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Stories From Zambia

Reflections from my service in Zambia

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We think big and, therefore, expect to make a big difference. My dad, a Returned Peace Corps Volunteer once said, “Keep your expectations small, you’ve done your job if you impact one person.”

Serving Peace Corps Zambia has been one of the highlights of my life, but I did not always feel that way. I faced a lot of challenges during my service physically and emotionally as often, Volunteers feel as if they make little or no impact; we challenge culture, belief systems, and traditional ways of life and so inspiring behavioral change is often met with doubt and skepticism. Toward the end of service, many volunteers can be left feeling jaded and disappointed, especially in situations where no one shows up for your meetings. I was no different.

Many of us have a tendency to get caught up in the notion of grandiosity. We think big and, therefore, expect to make a big difference. My dad, a Returned Peace Corps Volunteer once said, “Keep your expectations small, you’ve done your job if you impact one person.” It truly resonated with me and I told myself this over and over again. I wanted to believe my service would impact someone after the 27 months of my stay.

However, after battling with a chronic illness, I was forced to return home early. I was not only jaded, but also full of guilt for leaving my work and my host family behind. I considered myself to be a failure. Volunteers very rarely see the impact of their service abroad; we serve in some of the most rural areas of the world so letters and phone calls are often never an option to keep track of our progress.

I got lucky though; I only fully realized the impact of my service when I received an email from the US Embassy in Zambia, which was humbling. I now had reassurance that my service impacted not just one person, but rather an entire community. From day one at site, my community let me know they wanted to build a school. Kids in the area rarely went to school because they had to walk more than 15 miles a day to go to school. My village was determined to break the cycle of poverty as they knew education had the ability to do that.

The US Embassy in Zambia offers one award a year to a community in Zambia—the community I worked in won that award. I helped them accomplish this by building capacity, engaging local stakeholders, and serving as the liaison between cultures for two years. In that respect, all I did was assemble the pieces. In the end, my community put the pieces together; that is sustainable development. I did not give my community money, but rather, I gave them my time and the knowledge of how to empower themselves to accomplish what they needed.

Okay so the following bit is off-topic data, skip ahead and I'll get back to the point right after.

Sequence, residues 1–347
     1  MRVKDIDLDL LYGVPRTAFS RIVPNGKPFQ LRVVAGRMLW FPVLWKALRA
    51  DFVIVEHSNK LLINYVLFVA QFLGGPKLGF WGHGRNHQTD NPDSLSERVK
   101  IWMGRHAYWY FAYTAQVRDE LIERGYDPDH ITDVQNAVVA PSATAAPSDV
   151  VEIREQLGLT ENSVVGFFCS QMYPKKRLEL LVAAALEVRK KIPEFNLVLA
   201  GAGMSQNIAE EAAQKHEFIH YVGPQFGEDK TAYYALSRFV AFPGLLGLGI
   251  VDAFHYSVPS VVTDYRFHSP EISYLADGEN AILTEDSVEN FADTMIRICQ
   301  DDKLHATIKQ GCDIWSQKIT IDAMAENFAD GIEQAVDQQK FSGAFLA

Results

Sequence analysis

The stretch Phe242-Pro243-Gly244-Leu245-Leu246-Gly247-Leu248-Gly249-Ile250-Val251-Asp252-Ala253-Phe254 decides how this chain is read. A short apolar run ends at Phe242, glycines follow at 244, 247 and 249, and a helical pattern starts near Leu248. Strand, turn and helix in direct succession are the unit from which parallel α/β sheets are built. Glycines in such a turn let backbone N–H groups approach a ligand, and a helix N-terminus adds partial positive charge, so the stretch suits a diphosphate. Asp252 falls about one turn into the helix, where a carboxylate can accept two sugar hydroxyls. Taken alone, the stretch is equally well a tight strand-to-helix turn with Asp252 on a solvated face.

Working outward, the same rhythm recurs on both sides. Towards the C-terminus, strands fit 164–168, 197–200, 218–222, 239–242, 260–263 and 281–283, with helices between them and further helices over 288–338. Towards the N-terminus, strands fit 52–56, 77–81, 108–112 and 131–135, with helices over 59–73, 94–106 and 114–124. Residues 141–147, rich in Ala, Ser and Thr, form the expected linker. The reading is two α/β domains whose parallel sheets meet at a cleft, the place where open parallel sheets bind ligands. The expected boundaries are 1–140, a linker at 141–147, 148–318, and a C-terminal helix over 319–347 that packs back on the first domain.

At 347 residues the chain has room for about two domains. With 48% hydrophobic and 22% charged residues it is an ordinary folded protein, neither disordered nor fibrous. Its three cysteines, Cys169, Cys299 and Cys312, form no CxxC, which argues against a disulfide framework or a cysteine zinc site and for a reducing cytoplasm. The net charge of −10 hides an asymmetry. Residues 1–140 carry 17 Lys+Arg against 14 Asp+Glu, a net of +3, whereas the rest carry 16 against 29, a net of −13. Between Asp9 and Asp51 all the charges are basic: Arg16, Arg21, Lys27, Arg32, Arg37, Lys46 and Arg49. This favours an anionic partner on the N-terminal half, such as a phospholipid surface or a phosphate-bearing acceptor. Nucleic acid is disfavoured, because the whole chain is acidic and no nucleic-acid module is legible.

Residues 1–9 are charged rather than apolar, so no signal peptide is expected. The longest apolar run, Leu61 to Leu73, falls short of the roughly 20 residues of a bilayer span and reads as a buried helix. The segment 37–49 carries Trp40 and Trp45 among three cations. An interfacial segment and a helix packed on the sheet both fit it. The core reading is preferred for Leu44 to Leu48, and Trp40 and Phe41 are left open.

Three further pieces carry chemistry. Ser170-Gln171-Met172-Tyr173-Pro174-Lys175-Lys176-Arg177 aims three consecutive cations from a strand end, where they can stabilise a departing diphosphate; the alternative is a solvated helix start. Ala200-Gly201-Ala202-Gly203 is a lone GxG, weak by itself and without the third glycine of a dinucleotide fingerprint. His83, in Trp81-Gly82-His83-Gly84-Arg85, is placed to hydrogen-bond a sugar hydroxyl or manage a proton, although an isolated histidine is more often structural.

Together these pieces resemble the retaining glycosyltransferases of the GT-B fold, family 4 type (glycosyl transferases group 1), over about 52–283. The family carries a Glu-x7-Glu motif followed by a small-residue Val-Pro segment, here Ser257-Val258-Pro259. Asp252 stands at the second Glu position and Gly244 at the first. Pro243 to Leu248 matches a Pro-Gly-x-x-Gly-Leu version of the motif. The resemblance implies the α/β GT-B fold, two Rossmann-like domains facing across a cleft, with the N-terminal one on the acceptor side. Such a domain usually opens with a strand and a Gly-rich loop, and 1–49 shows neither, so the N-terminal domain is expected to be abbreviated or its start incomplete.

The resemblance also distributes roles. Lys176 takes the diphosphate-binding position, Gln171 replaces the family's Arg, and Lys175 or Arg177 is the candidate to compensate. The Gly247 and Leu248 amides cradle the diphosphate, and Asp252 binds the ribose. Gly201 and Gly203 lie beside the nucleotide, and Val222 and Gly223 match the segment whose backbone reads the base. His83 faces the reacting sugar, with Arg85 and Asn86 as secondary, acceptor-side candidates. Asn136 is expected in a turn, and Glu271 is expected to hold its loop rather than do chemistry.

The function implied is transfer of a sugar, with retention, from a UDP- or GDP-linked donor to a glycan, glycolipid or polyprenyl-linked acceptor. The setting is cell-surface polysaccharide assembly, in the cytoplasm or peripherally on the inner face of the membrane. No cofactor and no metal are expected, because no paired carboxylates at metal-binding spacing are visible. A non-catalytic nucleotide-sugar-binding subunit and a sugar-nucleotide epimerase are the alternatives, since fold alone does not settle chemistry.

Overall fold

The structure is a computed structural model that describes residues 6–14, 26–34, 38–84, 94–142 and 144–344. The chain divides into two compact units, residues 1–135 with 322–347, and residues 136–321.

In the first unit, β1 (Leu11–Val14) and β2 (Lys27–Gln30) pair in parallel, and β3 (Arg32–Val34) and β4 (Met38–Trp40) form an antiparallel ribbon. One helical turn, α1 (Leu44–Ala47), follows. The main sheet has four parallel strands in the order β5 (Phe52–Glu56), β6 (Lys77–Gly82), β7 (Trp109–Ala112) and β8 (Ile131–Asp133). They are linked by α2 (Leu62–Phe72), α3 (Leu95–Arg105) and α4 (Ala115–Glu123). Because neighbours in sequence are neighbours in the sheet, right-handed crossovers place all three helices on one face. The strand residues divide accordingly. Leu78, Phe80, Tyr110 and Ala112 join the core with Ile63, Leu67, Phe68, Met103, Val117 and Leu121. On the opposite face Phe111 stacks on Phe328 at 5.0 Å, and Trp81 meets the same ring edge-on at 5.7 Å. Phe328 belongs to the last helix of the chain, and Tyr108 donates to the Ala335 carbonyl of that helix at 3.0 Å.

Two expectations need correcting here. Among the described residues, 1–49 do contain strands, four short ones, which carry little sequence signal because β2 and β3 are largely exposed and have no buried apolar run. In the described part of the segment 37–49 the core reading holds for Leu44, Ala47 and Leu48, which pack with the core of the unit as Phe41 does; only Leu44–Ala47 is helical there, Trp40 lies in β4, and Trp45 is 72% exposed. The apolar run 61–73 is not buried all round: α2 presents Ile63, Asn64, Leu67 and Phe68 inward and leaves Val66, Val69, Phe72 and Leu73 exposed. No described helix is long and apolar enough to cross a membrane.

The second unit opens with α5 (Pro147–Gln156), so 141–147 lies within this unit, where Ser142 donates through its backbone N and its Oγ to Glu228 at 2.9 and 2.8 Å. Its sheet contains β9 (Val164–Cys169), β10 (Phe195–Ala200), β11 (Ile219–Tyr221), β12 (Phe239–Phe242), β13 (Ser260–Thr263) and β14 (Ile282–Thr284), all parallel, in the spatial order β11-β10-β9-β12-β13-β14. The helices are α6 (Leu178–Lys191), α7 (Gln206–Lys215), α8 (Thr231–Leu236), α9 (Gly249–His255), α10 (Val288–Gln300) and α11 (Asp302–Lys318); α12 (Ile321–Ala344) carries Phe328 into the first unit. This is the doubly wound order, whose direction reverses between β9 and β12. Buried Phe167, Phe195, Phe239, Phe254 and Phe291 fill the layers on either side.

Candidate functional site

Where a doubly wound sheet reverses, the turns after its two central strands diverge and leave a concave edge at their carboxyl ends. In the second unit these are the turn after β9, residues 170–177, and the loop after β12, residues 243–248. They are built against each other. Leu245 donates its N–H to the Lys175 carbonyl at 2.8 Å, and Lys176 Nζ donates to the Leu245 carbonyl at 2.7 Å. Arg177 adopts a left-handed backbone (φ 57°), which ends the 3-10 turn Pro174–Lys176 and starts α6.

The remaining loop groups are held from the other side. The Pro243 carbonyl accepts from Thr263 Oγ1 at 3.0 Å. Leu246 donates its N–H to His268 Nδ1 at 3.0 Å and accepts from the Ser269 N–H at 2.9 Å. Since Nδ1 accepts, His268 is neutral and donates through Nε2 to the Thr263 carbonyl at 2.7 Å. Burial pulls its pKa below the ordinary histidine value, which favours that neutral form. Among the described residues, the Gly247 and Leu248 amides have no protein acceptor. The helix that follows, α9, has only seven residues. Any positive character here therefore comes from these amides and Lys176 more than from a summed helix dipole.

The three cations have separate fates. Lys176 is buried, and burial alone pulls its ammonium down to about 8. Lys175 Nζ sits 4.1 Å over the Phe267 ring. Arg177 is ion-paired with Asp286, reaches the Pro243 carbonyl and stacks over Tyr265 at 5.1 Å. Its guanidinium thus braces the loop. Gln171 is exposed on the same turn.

Due to my unforeseen early departure, I never knew how the project turned out. I only knew that my community was awarded the funding, but that was it. I assumed that the school was never built. I was wrong. The email I received from the US Embassy also contained photos of a newly built school in my village. I was so overcome with emotion that I cried because they were now finally able to give their children something they never had; an education. I also cried because I realized I was not a failure.

The school was specifically constructed in order for the Zambian government to provide a full-time teacher. Although constructing a building to these standards in a very rural area would be difficult, this would fully embody sustainable development. Building a school is one thing, but then ensuring students can receive an education for the next 20 years is meaningful change.

There were a lot of stakeholders involved in the construction of this School. Most of those I’ve already mentioned, but one that was also very instrumental was the American tax paying citizen. You contributed to this; that is the power of international aid. It does not just feed people, it teaches people how to feed themselves and how to provide for their family. Thank you for your help and contribution to empowering a community in Zambia.

To every Volunteer reading this, never give up and remember your impact is not something that can ever be quantified. Your impact is valid and you are not a failure.

If you’re reading this, hoping to become a Peace Corps Volunteer, what’s stopping you and your ability to change the world?

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School built for my community
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Transplanting during agriculture project